Editorial: The big freeze
Welcome to our frozen issue. It's a seasonally snowy issue if you're looking forward to a cosy Dickensian fireside Christmas in Europe. Or it's a seasonally ice-cold beer sort of issue if you're looking forward to a bbq on the beach Christmas in Oz.
We take you to both ends of the Earth this issue. Juan Pablo Conti, our correspondent in Argentina, discovers what a picture of a frozen tsunami says about communications in the Antarctic (p34), and the special problems they face such as overheating - yes, overheating. Also in the Antarctic is the telescope under the ice, where sensors aren't looking for new planets but for the sub-atomic building blocks of the universe. Guy Richards reports on p40.
At the other frozen extreme, Nick Smith boards an impressive piece of engineering, the 50 Years of Victory nuclear icebreaker, to the North Pole (p20). On page 24, Pelle Neroth doesn't go quite as far north, but not far short, as he continues his series on Scandinavian innovation with oil, gas and other exploration in the frozen seas off Norway. And we look at the difficulties in making polar research stations self-sufficient for their energy needs (p46).
In less extreme climates, Luke Collins looks at progress in taking superconductors out of the lab and off the ice on p37. We take a look at how ice could help to tackle global warming (p50) and our final cold spell comes from our inventors Mark Sheahan and Patrick Andrews on page 82, who consider cunning ways to avoid last winter's snowbound standstill in Britain.
Our big freeze continues online though. In our readers' articles section at http://kn.theiet.org/magazine/rateit/ [new window], Carl N Robinson of the British Antarctic Survey explains how the latest equipment allows scientists to explore the inner workings of glaciers and ice sheets.
It's cold, but still not as cold as the look our chief designer gave us when we suggested snow, a sprig of holly and a robin perched on top of the E&T masthead. Oh, come on, it's Christmas, we urged. Bah, humbug, he said. But we do have a couple of festive items for you. Those 'if you like this you will also like…' messages that appear when you're shopping online are sometimes made by 'recommendation engines'. Find out how well they work in our IT section on page 54.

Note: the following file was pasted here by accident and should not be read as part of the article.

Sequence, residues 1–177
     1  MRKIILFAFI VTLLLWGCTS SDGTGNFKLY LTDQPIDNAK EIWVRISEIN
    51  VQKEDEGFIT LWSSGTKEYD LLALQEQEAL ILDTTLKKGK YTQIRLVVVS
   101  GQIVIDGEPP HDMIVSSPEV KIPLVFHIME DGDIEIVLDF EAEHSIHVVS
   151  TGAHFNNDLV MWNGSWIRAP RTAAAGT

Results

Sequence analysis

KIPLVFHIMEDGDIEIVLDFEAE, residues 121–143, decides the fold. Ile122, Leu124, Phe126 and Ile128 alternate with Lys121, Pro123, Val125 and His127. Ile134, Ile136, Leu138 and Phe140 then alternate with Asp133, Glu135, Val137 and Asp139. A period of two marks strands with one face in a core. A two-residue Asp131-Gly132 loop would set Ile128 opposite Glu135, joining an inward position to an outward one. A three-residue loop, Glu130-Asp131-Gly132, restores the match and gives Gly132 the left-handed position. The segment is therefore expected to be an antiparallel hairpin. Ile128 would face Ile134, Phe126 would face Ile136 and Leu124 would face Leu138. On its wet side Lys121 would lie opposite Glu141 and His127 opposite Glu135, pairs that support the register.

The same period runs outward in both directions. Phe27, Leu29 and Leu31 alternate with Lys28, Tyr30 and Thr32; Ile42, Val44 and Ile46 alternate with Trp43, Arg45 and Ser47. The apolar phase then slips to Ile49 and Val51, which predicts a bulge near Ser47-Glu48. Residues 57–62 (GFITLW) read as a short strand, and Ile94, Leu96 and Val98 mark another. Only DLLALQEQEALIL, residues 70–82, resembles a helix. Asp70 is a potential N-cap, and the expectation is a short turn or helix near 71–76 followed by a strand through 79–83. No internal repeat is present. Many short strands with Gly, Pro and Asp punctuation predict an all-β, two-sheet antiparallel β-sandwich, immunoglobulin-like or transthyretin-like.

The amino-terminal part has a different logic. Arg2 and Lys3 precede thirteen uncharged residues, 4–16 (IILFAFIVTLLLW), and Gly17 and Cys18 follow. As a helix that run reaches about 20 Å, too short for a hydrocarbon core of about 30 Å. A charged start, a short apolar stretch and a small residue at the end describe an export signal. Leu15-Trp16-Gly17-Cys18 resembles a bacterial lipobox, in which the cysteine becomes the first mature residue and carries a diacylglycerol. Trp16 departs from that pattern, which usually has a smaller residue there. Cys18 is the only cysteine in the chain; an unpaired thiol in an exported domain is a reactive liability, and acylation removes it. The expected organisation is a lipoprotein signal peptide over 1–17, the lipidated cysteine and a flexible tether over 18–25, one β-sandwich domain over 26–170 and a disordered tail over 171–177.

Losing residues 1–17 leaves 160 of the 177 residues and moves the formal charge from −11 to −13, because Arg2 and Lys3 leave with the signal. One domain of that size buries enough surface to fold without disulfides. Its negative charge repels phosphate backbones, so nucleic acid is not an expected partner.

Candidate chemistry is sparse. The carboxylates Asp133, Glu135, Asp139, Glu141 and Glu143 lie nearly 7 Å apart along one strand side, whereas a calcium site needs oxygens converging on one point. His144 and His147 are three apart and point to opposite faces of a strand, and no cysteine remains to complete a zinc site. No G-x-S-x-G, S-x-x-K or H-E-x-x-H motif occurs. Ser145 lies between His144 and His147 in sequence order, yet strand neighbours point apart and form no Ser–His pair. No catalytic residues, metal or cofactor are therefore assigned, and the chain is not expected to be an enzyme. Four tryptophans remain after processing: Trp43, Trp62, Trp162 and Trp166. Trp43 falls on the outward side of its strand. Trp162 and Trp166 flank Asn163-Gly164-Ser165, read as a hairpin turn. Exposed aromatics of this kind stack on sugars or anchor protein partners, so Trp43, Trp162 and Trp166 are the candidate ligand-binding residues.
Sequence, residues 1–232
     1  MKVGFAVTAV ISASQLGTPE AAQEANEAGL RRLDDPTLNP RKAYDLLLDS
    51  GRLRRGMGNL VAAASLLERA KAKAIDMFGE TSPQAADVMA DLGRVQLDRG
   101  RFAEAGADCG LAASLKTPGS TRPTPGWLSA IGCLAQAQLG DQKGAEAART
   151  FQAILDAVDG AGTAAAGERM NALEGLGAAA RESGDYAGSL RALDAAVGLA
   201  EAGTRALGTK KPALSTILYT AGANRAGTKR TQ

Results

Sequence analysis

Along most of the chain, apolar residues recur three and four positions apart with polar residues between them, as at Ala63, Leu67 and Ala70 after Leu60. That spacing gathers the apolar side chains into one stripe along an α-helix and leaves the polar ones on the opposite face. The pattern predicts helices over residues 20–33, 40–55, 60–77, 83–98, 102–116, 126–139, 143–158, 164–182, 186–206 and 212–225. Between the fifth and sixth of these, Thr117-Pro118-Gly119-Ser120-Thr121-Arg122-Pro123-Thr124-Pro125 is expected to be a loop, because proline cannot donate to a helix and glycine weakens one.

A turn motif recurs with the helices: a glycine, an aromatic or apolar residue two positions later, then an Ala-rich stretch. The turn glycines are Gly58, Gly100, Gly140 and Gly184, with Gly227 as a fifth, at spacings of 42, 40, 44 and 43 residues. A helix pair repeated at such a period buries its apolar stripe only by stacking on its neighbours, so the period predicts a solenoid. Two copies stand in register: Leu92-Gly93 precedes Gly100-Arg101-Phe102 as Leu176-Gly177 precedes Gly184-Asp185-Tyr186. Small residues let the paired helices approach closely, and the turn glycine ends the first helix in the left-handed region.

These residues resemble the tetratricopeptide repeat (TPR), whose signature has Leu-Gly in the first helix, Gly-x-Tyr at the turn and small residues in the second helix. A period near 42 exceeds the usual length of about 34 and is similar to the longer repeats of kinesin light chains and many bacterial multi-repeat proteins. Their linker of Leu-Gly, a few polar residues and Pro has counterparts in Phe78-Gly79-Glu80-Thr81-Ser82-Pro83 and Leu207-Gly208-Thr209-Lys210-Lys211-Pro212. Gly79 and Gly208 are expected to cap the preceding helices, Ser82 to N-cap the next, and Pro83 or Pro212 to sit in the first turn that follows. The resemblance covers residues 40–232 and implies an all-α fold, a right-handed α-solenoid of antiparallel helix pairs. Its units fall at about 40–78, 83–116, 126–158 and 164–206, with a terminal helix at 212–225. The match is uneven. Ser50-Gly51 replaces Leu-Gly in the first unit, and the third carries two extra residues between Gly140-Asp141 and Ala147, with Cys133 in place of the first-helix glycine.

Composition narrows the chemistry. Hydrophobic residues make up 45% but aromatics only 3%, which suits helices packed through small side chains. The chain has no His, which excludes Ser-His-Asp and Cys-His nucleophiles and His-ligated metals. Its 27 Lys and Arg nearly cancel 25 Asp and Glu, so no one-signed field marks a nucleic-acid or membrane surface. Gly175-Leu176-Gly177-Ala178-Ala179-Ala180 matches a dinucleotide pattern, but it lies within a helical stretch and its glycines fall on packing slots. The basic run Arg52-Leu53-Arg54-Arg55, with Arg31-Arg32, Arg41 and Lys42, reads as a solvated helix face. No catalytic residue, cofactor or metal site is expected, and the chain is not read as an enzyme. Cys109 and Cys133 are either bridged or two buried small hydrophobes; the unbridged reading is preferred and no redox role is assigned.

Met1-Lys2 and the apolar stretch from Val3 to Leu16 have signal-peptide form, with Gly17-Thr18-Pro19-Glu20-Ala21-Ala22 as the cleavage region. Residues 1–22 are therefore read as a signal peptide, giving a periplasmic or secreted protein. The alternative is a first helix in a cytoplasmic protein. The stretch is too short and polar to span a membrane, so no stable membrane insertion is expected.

Now it's nearly holiday time, you can take a moment to wind down with our competition to win one of our unusual mousemats. Our archives department at Savoy Place in London dug out this remarkable original sign and we had them printed up onto mousemats which will only be available as prizes (not available to buy, rather like a Blue Peter badge). Just answer this cryptic question: who became the backbone of E&T during 2009? Send your answers to email@example.com or the postal address by 4 January 2010. The first ten correct answers we draw each get a mousemat.
Finally, I just need to warn you that in response to the cold economic climate, we'll be sending you slightly fewer issues of E&T next year (18 instead of the usual 21). But don't forget to visit us online for news, technical articles from the specialist engineering experts (that's you) and much more. Our next issue will be dated 23 January 2010.
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